In short, when kidneys can no longer perform effectively, dialysis is a replacement treatment that works to keep the body in balance by filtering waste, maintaining appropriate levels of potassium, sodium, bicarbonate and controlling blood pressure. For the most part, physicians suggest dialysis when kidneys lose up to 90 percent of their ability to function and have a glomerular filtration rate (GFR) of less than 15. While dialysis is administered temporarily for some patients, others depend on dialysis therapy permanently.
Dialysis consists of two types—hemodialysis and peritoneal dialysis. An artificial kidney, or hemodialyzer, is used in hemodialysis to function as a normal kidney, removing waste, chemicals and fluid from the blood. In turn, blood is cleaned inside the body using peritoneal dialysis, with two main options, including continuous peritoneal dialysis and automated peritoneal dialysis.
While the main advantage for hemodialysis is that patients generally have four dialysis-free days each week, treatment is administered in a dialysis clinic, meaning regular travel is necessary. In turn, each treatment can last up to 4 hours. Thus, patients must plan their lives around treatment and must also carefully monitor their diet and fluid intake. Side effects of hemodialysis may include low blood pressure, sepsis, muscle cramps, itchy skin, insomnia, joint pain, erectile dysfunction, dry mouth and anxiety.
With portable dialysis equipment and fewer restrictions overall, patients receiving peritoneal dialysis are not required to travel to a treatment clinic, as dialysis can be done at home or even at work. Those receiving continuous peritoneal dialysis benefit from portable equipment, yet they must perform dialysis everyday. Automated peritoneal dialysis, on the other hand, allows patients to spend their days dialysis-free, but they must have a dialysis machine at home, including all of the equipment. Some see this as an inconvenience. Side effects and potential complications from peritoneal dialysis include: bacterial infection (peritonitis), hernia and weight gain.
Without question, kidney dialysis is a life-saving treatment for many individuals suffering from chronic kidney disease, renal failure and end stage renal failure. Yet, it is also life-changing as patients adjust to a new normal, consisting of new routines and many tests.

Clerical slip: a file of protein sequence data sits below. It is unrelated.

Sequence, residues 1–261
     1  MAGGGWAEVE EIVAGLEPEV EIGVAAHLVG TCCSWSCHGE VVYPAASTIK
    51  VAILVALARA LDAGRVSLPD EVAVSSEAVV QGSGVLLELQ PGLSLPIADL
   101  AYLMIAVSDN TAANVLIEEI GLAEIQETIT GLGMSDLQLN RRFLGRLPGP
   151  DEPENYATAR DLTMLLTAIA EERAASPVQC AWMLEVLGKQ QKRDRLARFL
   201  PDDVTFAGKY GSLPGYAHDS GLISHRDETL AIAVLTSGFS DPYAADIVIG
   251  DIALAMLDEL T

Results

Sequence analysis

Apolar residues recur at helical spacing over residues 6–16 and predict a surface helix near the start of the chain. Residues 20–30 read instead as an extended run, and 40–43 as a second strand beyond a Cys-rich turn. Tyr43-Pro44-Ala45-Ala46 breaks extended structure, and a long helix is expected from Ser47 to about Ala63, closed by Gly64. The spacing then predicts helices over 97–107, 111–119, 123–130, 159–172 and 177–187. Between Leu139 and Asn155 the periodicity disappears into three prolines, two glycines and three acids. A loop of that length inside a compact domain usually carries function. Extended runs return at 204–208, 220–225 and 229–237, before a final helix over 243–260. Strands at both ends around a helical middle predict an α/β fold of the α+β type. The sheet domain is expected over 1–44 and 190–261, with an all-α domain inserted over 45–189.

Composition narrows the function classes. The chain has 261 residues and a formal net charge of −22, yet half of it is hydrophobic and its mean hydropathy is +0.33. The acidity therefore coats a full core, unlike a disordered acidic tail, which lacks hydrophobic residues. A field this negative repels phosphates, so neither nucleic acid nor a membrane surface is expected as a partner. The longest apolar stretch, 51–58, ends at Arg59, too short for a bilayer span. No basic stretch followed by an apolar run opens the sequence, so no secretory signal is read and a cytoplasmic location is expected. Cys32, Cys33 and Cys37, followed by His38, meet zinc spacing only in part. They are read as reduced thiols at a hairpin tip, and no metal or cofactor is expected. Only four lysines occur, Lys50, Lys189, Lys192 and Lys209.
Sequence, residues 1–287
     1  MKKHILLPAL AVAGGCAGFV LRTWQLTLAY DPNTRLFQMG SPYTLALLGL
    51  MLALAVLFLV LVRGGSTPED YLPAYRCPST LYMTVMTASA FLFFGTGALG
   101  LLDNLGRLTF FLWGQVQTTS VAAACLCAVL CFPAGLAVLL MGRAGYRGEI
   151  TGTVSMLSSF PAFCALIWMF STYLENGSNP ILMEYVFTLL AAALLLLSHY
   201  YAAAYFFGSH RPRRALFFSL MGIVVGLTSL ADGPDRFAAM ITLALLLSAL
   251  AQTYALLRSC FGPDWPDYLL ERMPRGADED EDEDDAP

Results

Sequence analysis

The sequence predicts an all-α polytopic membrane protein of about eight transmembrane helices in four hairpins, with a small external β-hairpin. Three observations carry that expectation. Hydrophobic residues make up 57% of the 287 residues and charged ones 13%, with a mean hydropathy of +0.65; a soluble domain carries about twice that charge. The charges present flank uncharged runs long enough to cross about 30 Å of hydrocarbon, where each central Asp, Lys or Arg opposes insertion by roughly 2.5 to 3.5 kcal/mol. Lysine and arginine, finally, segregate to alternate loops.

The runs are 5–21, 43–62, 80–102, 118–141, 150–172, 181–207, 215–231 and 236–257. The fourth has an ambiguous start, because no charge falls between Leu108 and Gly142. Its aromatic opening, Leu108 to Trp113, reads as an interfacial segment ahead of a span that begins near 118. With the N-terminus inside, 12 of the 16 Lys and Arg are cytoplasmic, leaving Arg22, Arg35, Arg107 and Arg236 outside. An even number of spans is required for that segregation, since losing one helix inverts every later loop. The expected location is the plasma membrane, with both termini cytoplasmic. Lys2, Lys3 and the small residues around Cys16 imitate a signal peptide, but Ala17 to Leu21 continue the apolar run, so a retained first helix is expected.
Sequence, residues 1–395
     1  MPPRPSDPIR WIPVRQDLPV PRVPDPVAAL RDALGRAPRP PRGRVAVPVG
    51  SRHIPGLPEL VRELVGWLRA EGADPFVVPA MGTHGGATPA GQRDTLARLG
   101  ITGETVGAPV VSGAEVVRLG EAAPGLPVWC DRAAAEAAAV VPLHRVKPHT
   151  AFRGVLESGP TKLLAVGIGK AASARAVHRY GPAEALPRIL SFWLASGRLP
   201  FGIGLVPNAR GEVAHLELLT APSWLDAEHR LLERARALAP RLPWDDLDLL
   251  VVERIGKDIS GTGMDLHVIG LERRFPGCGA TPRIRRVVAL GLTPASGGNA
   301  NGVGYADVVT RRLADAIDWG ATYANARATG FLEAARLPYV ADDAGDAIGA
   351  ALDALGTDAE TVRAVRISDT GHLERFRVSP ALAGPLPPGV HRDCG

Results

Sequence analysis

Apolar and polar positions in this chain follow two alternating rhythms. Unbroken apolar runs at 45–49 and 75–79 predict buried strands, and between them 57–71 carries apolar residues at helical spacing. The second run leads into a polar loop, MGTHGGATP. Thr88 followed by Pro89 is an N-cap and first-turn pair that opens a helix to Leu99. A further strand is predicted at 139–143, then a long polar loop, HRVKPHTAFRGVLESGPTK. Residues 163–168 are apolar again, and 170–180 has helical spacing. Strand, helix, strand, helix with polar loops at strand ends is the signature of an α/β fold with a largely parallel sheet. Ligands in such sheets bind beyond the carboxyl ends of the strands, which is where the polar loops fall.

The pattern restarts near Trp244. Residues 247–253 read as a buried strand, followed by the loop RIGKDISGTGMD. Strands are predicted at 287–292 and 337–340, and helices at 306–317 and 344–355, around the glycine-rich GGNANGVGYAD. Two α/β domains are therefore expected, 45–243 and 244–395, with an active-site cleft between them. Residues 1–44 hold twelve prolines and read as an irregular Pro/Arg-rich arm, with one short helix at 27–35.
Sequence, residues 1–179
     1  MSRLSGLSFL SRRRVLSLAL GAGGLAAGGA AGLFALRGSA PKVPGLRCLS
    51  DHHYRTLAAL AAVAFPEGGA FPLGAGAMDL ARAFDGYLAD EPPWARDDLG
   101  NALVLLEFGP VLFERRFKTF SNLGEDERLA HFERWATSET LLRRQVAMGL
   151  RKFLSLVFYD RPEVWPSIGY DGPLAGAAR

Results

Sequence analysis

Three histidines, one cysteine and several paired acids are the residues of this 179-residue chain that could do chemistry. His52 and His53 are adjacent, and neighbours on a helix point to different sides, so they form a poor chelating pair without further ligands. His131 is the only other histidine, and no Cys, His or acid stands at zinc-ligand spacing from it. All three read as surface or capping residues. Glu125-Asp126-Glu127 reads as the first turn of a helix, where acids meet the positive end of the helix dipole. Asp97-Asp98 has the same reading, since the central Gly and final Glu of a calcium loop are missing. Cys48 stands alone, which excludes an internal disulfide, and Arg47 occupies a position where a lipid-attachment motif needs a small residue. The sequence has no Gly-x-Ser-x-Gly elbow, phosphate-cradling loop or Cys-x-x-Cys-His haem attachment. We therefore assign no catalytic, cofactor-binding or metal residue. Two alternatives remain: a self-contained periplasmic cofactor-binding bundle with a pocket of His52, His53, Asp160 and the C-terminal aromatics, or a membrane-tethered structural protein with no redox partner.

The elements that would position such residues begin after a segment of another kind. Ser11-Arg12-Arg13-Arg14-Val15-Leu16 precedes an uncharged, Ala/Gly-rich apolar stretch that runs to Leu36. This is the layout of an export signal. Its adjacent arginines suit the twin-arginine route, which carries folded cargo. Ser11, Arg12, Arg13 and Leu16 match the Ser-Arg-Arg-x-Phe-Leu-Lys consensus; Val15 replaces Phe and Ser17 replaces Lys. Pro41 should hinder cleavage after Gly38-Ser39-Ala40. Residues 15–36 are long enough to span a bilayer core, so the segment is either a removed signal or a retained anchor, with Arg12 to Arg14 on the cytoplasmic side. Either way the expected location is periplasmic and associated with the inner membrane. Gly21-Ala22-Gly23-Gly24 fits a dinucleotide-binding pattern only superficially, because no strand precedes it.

Dr. Alan I. Benvenisty, MD has been instrumental in helping patients avoid the inconveniences associated with dialysis by navigating the system in regards to treatment. Whenever possible, he works to help individuals avoid dialysis and maximize their quality of life. If you or a loved one is suffering from chronic kidney disease (CKD) and/or renal failure, contact Dr. Benvenisty at his New York City office on Amsterdam Avenue.
Dialysis Access Options and Procedures
For individuals suffering from decreased kidney function or failure, dialysis is administered to restore kidney function temporarily or, in some cases, permanently. Whether patients are receiving hemodialysis or peritoneal dialysis, an access, or entrance is required to begin their dialysis treatment. Vascular surgeons obtain access in three ways: using a catheter, an AV (arteriovenous) graft or an AV (arteriovenous) fistula.
When a catheter is used for dialysis access, it is inserted into a large vein located in the neck or near the collarbone. However, this is not a long-term option due to an increased chance of infection. An AV graft is used to connect a vein to an artery. The graft is formed using a soft, plastic tube. Hemodialysis can be administered once the graft has healed. Grafts require careful attention and care so that problems do not arise. Perhaps the best and most preferred type of dialysis access is the AV fistula, which connects an artery and a vein. Used in hemodialysis treatments, there is a minimal risk of infection with the fistula once it is strong, and patients may benefit from years of treatment with the fistula.
Determining the appropriate treatment method for chronic kidney disease involves careful consideration of the patient’s health, anatomy and lifestyle. While dialysis is rarely a first option, Dr. Benvenisty’s expertise in dialysis access, along with his dedication to treating patients as individuals, helps many adjust to the newness of life with dialysis. To schedule an appointment with Dr. Benvenisty, contact our New York City office on Amsterdam Avenue today.